Featured Grantee Fact Sheet


IMG_3069Bumi Sehat means Healthy Earth Mother. This month’s featured organization believes that access to quality healthcare, especially reproductive healthcare, is a human right. They believe that each individual is an essential societal component of peace, and that by supporting women with dignity and respect in the process of childbirth, a foundation for peace is built, one woman, one child at a time.

Their service is built on three principals: Respect for Nature, Respect for Culture, and Wisdom in Medicine.

Dining for Women’s $45,000 grant to Bumi Sehat will pay the salaries of 11 midwives and provide most of the medicines and supplies to support the approximately 480 women who will give birth at the clinic over the course of a year.

Life Challenges of the Women Served

While Bali is not regarded as a disadvantaged province, access to basic healthcare remains a problem, as shown by the island’s high maternal mortality rate. The province recorded that 84 mothers died per 100,000 deliveries in 2011, up more than 47 percent from 57 deaths in 2010.

Poor and rural women in Bali often do not seek adequate reproductive health services for a number of reasons – economic, cultural, limited access due to lack of transportation, and fear of abuse in medical settings. Reproductive health care requirements are many:

  • Cervical cancer screening
  • Sexually transmitted infection screening
  • HIV testing
  • Prenatal care
  • Childbirth services
  • Breastfeeding support

The poorest women are most affected. An example provided by Bumi Sehat is Ibu Komang (not her real name), whose husband died of AIDS when she was 38 weeks pregnant. The couple had been mutually exclusive sexually. Neither had ever been raped. But her husband suffered a ruptured appendix 10 years earlier, requiring a blood transfusion. Because they are very poor, they did not pay the extra $60 to have the blood screened for blood-borne disease. This is how he contracted HIV. Komang and her baby are also HIV positive. Bumi Sehat supports them in many ways, including counseling and transportation to get her anti-retroviral medication prescription filled each month (a 2 to 3 hour trip by car). They also help Ibu Komang financially as she has no income. Bumi Sehat makes it known that if a patient needs a transfusion, they willingly pay the extra $60.00 per pint of blood, to have it screened for diseases.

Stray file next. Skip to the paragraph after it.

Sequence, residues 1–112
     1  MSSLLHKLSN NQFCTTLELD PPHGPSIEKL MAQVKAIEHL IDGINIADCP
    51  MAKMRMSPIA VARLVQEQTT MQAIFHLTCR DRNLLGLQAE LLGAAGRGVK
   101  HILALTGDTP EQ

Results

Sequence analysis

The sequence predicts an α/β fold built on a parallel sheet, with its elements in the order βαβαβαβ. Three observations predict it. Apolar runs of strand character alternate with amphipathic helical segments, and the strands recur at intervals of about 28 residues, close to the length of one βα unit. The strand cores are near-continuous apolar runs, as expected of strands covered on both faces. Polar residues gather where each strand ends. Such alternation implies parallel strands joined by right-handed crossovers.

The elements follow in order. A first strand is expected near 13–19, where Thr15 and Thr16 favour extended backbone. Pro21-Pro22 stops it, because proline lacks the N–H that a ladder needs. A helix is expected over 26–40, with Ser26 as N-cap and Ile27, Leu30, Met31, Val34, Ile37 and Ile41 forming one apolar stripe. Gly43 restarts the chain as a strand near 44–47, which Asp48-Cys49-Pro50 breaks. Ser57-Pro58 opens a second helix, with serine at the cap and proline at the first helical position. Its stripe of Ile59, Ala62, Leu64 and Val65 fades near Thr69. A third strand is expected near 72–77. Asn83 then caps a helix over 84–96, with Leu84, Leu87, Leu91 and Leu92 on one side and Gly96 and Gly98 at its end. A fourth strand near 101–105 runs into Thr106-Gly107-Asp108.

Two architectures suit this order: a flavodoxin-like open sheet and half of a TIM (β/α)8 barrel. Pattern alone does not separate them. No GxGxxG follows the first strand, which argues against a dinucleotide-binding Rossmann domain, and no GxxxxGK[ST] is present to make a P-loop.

The Project

Bumi Sehat seeks funds to pay the modest salaries of Indonesian staff midwives specially trained to be kind, hygienic, and possess essential life-saving skills.

The Bumi Sehat model is based on compassionate, culturally appropriate, gentle, kind, free, woman-to-woman, midwife-to-mother care, including free transport to and from the clinic any time of day or night if needed, 24/7 365 day each year. It solves many of the problems women face when seeking reproductive healthcare. Through this woman-friendly model of care since 1995, Bumi Sehat has begun to effect positive changes on the entire medical community and methods of practice, softening other medical professionals to be more woman and child friendly. Many women suffer complications that could be life threatening. Bumi Sehat midwives handle these events calmly and skillfully, while maintaining respect for each woman — often the new mother and her family do not even know how close a call it was.


Questions for Discussion

  1. Chapter members who want to do so could share their experiences with natural childbirth vs. more institutionalized experiences.
  2. Beyond economic considerations, what are reasons some women may not seek reproductive health care?
  3. How does the way a woman gives birth effect the rest of her life?

How the Grant Will be Used



All actual expenses of life-saving medications and medical supplies used in childbirth are calculated by average use per month, which can vary depending on the numbers of births and related emergencies.

Note: Not all of the midwives employed by Bumi Sehat are included in this budget. They are open 24/7 so there are three shifts per 24 hour day to fill, with qualified medical staff, midwives, and nurses (Allopathic physicians are part time).

Cost per person: Total predicted number of  women helped by  this project = 480/$45,000 = $93.75 per woman.